Henrik Enderlein and ten other intellectuals and politicians have called to overcome national egoisms and proposed a truly European compromise addressing the current deadlocks.
The 28 Member States of the European Union must rise to the challenges they face in the refugee crisis, in the economic and monetary crisis with its prolonged high levels of youth unemployment, and in the wars and trouble spots in their neighbourhood. None of these challenges can be resolved by one Member State alone; they all urgently require shared solidarity. The current crisis of solidarity which is paralysing Europe therefore needs to be overcome. In these difficult circumstances, the blame game is in full swing. But the situation is too serious for us to waste time on recriminations.
We want to look ahead together. We are convinced that the major tasks facing us must not be seen in isolation. Partial solidarity is not an option. Solidarity can only succeed when it takes into account the wider context, and it is only by taking this approach that we will find solutions. In this context, a strong Franco-German partnership and understanding is the foundation on which we can make progress.
We must be willing to give ground and even adopt positions with which we are uncomfortable for the sake of an overall compromise. The virtue of compromise, not national egoism, is what has advanced European integration over the decades.
What does this mean in concrete terms?
Firstly, the eurozone countries are willing to temporarily accept higher deficit limits for those countries suffering from high youth unemployment. However, this would remain linked to national reform efforts to achieve functioning markets, efficient public administrations, and good education and training.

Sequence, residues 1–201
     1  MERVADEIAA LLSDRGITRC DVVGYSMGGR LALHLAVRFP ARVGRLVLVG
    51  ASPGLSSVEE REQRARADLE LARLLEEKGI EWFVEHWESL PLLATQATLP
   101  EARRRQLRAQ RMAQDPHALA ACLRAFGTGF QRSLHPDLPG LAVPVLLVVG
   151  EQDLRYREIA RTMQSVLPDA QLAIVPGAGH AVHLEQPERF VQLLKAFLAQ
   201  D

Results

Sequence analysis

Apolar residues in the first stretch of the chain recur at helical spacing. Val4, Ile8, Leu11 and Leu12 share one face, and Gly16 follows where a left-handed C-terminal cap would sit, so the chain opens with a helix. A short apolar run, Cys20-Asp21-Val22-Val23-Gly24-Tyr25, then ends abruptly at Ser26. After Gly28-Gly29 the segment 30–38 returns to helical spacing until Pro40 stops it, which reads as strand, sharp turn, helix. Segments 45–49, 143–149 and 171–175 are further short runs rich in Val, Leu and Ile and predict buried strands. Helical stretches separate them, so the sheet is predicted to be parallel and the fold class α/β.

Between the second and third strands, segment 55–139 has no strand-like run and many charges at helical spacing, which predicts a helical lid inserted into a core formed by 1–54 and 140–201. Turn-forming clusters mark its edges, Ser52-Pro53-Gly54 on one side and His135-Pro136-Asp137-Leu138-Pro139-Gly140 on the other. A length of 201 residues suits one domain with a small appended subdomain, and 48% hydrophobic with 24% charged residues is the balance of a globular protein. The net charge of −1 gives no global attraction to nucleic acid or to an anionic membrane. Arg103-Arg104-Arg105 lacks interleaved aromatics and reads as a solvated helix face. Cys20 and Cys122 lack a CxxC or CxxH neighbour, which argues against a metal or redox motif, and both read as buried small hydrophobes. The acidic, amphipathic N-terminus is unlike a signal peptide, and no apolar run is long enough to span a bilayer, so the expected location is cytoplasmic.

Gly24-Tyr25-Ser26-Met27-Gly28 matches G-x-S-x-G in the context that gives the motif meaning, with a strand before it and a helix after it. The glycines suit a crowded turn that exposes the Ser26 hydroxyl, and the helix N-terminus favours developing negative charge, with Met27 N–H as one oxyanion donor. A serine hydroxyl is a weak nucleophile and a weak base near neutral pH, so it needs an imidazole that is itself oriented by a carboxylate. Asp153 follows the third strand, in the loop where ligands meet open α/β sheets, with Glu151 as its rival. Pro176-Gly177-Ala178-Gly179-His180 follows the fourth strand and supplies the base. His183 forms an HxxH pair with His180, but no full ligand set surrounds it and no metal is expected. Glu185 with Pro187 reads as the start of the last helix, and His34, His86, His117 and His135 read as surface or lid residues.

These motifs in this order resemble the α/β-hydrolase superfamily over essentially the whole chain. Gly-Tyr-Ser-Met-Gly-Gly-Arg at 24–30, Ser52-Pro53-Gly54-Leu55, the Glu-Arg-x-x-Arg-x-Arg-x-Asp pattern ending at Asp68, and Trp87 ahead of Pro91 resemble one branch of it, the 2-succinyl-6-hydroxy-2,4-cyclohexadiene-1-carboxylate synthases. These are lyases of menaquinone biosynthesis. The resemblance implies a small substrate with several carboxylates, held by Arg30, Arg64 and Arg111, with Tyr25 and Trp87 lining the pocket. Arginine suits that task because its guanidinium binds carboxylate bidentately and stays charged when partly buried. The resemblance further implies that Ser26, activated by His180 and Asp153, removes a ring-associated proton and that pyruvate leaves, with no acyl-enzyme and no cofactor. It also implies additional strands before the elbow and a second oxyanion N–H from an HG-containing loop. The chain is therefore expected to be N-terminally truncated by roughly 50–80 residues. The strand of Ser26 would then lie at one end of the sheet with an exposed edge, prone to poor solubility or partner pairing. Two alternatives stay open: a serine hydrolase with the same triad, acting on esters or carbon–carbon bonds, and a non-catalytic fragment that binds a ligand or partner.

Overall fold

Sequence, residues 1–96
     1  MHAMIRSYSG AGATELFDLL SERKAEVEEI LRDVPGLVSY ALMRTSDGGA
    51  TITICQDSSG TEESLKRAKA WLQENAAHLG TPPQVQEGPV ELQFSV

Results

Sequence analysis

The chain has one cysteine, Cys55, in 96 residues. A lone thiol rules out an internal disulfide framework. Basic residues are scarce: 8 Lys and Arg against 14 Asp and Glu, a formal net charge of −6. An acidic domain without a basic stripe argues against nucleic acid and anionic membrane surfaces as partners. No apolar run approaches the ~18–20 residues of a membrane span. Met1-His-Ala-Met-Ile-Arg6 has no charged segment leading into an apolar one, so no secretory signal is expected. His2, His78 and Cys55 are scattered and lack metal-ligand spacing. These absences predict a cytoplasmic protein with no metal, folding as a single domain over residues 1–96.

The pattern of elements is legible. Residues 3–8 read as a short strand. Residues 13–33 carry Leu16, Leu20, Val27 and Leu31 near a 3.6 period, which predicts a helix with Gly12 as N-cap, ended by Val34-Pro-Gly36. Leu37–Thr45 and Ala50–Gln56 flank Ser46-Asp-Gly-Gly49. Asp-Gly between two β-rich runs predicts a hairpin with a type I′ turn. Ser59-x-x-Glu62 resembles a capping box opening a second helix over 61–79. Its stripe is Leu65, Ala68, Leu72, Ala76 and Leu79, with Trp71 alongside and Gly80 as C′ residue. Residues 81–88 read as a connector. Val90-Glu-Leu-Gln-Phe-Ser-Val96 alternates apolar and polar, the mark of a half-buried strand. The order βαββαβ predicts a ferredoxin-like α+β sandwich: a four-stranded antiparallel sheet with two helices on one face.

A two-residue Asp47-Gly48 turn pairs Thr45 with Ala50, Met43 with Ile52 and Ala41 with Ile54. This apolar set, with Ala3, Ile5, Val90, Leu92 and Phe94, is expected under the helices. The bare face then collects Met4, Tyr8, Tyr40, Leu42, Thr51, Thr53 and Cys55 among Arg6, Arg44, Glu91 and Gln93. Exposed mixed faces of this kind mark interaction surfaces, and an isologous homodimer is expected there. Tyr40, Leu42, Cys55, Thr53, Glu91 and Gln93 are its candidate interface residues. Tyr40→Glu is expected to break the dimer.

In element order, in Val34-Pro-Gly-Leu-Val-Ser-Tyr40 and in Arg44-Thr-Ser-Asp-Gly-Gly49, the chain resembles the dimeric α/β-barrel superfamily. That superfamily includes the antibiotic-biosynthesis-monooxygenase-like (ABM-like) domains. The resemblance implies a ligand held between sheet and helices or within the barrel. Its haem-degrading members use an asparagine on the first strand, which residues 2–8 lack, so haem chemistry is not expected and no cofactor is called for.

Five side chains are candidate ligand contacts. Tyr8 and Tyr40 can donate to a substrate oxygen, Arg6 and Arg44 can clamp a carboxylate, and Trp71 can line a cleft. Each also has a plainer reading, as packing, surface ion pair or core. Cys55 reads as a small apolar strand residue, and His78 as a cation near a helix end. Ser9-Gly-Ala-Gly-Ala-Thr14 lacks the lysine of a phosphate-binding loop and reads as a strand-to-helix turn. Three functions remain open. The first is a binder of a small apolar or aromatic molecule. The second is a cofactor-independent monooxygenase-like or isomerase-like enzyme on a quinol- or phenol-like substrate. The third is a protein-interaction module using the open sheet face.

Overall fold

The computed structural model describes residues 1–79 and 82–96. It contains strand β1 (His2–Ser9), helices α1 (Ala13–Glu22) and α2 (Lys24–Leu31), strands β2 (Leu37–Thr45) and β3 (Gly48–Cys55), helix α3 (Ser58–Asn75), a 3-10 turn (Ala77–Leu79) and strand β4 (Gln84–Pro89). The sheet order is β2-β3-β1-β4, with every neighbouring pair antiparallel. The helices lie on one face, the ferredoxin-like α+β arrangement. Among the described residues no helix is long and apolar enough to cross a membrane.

Secondly, in its relations with Russia, the European Union is staying on its present course, which has so far been unanimously supported. This applies in particular to the criteria for lifting sanctions. Germany is willing to measure its foreign energy policy against the agreed European objectives and to discuss it in geopolitical terms. This includes reviewing Nordstream II.
Thirdly, the refugee issue is being addressed jointly. The 28 Member States are pledging appropriate contributions to stabilise Syria’s neighbours, including by financing UN refugee aid. The policing of the EU’s external borders must be organised and financed at European level. Cooperation with Turkey is important in this context, but we must not become dependent on it. Our cooperation with Turkey must take into account European principles, such as the rule of law, and European interests, such as promoting the Syrian peace process.
Fourthly, Schengen and a common asylum policy go hand in hand, as do the single currency and a common economic policy. That is why direct financial assistance is provided for border management, and for the registration, distribution and accommodation of refugees. Those who do not participate by taking in refugees must pay into a compensatory mechanism.
The crisis the EU is experiencing is not some natural phenomenon. It has a political cause, and a political solution is both possible and necessary. And so instead of hoping for one of nature’s miracles, we are setting to work together. It’s time to get started!
- Dr. Franziska Brantner (Member of the Deutscher Bundestag, Bündnis 90/Die Grünen)
- Laurent Cohen-Tanugi (Lawyer and writer)
- Daniel Cohn-Bendit (Politician and writer, Europe Écologie-Les Verts)
- Prof. Dr. Henrik Enderlein (Director of the Jacques Delors Institut – Berlin, Associate Dean of the Hertie School of Governance)
- Hervé Gaymard (Member of the Assemblée nationale, Les Républicains)
- Sylvie Goulard (Member of the European Parliament, ALDE)
- Elisabeth Guigou (Member of the Assemblée nationale, Parti Socialiste)
- Anne-Marie Le Gloannec (Director of Studies, Science Po Paris)
- Thomas Oppermann (Member of the Deutscher Bundestag, SPD)
- Dr. Norbert Röttgen (Member of the Deutscher Bundestag, CDU)
- Prof. Dr. Heinrich August Winkler (Historian)
Pleas find a list of all signatories on the website of the Jacques Delors Institut-Berlin.
The appeal was published first by Frankfurter Allgemeine Zeitung on March 17, 2016.